Louisiana Sen. John Kennedy provided new details on Wednesday about his hesitation to support President Trump’s judicial nominees.
The Republican lawmaker's use of the Senate’s “blue slip” tool slowed Kyle Duncan’s nomination to the 5th Circuit Court of Appeals, based in New Orleans.
Kennedy said his “unorthodox” use of the blue slip procedure to indicate his uncertainty on Duncan’s nomination stemmed from how Trump nominated Duncan.
Under the Senate's blue slip procedure, a state's senators are consulted by the White House before a president nominates a judge from that state, regardless of party affiliation, according to a Congressional Research Service report detailing the blue slip policy. The senators historically have had the opportunity to block the nominee from receiving a Senate Judiciary Committee hearing and vote.
Kennedy spotlighted Duncan’s paperwork submitted to the Senate at a Judiciary Committee hearing and said, “The questionnaire seems to imply that Mr. Duncan’s name came from Senator Cassidy and me, Senator Kennedy. And at least from my point of view, that is not accurate.
“I first learned about Mr. Duncan’s nomination when I received a phone call, actually a series of phone calls, from Mr. Don McGahn, who is White House counsel. And Mr. McGahn was very firm that Mr. Duncan would be the nominee to the point that he was on the scarce side in one conversation of being polite. I want to give Mr. McGahn full credit, he came back later and apologized, but his firmness he did not relent on.”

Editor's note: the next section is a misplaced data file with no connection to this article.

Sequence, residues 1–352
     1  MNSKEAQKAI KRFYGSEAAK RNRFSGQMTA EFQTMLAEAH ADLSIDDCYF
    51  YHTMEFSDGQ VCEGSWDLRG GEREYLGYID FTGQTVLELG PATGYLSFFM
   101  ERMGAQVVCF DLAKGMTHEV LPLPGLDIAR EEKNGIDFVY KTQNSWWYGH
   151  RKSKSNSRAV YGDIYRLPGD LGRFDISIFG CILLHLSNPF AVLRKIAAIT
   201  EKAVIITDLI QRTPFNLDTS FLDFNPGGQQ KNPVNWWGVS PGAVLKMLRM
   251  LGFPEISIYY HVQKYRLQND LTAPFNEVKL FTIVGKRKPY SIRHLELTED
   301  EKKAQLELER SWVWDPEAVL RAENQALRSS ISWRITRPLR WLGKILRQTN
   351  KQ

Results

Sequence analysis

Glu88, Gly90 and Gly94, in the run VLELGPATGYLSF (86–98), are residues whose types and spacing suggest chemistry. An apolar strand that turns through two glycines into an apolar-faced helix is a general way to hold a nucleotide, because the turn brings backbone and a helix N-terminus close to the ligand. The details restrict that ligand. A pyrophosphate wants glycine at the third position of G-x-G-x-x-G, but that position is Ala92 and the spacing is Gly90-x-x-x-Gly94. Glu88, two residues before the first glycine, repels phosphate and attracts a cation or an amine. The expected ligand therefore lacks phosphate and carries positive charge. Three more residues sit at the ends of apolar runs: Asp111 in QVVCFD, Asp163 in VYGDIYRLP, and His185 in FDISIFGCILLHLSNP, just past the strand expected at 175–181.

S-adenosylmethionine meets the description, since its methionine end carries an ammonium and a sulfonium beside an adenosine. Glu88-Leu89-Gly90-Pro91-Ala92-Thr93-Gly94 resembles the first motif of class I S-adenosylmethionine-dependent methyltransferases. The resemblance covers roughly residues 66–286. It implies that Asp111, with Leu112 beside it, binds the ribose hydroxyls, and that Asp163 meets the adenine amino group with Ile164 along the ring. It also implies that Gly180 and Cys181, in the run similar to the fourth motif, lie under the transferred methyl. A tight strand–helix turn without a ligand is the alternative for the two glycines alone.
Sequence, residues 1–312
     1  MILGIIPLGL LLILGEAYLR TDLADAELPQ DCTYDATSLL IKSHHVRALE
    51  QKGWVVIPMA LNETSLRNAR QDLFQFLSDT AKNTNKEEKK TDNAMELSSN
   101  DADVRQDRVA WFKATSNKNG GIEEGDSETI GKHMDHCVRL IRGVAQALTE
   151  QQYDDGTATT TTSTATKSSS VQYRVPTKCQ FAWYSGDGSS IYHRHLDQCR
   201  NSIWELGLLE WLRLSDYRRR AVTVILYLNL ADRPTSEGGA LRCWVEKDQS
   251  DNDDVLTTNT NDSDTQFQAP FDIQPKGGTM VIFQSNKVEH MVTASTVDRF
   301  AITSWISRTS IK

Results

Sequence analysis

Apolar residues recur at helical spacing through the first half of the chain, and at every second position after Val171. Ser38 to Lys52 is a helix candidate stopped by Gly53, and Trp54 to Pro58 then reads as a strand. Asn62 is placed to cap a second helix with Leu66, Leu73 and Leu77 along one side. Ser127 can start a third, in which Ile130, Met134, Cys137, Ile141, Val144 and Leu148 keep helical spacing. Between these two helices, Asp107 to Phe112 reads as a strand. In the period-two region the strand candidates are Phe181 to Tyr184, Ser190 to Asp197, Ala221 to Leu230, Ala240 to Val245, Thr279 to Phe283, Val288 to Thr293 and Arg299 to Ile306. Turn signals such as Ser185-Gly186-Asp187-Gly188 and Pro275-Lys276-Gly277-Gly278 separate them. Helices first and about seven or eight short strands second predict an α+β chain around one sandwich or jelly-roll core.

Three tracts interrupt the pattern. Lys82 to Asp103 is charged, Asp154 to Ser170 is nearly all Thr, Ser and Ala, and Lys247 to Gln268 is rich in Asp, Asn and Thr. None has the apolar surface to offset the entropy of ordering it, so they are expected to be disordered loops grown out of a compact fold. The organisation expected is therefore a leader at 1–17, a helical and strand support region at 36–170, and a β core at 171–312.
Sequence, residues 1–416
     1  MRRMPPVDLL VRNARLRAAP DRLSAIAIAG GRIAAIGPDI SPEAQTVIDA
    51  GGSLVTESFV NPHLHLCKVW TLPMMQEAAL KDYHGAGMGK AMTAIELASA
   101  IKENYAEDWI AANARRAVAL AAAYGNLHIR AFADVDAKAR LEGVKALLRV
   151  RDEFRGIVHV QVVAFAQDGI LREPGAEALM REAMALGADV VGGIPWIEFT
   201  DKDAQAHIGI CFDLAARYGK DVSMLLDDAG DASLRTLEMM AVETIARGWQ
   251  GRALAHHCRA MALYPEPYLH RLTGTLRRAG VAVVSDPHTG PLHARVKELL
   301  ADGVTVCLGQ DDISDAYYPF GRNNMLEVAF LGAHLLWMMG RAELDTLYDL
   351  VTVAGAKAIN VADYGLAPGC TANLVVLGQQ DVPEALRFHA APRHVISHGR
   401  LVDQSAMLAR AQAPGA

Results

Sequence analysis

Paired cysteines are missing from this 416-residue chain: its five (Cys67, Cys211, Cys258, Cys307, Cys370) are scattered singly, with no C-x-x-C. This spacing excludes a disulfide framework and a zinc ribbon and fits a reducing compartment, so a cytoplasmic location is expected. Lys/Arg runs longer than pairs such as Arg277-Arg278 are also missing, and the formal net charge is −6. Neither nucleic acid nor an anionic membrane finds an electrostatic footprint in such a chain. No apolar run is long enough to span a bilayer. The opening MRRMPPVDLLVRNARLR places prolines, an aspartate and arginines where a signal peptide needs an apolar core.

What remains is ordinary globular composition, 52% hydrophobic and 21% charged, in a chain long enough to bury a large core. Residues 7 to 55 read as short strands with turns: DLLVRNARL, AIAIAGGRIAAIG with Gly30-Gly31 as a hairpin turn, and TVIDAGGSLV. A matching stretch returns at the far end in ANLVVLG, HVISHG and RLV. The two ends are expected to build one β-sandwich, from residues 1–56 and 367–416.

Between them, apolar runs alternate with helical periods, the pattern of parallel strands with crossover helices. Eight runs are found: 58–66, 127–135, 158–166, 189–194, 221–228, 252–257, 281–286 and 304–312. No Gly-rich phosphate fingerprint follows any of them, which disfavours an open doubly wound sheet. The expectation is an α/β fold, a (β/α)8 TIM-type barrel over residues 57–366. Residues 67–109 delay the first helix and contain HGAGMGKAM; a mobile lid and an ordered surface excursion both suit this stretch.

Kennedy added that he did not know Duncan well, but Kennedy said he understood Duncan to be pro-life, pro-religious liberty, and a “Washington lawyer.”
“I have received scores of phone calls from experienced, accomplished, whip-smart, pro-life, pro-religious liberty Louisiana lawyers and judges — I got another one yet this morning — who have asked me why I would support a Washington lawyer for this seat over them,” Kennedy said Wednesday. “One of those applicants asked me directly, ‘What am I, chopped liver?’ So, I’ve got to answer that question, and that’s what I’m hoping Kyle can help me with today.”
Kennedy also told reporters Tuesday that he would vote against Brett Talley, a Trump nominee to be a federal district judge in Alabama. Talley is married to McGahn’s chief of staff, Ann Donaldson. Talley did not disclose the marriage on publicly available congressional documents, according to the New York Times.
“I had no idea his connection,” Kennedy said Tuesday of Talley’s marriage to McGahn’s chief of staff, according to Politico. “And he’s never tried a lawsuit in his natural life. And he’s gonna be on the federal bench? Give me a break. A break. It is embarrassing. And I think the president of the United States is getting some very, very bad advice.”
On Tuesday, Kennedy voted against a federal appeals court nominee who was confirmed to the D.C. Court of Appeals, Greg Katsas. Kennedy voted for Katsas in the Judiciary Committee before opposing him on the floor.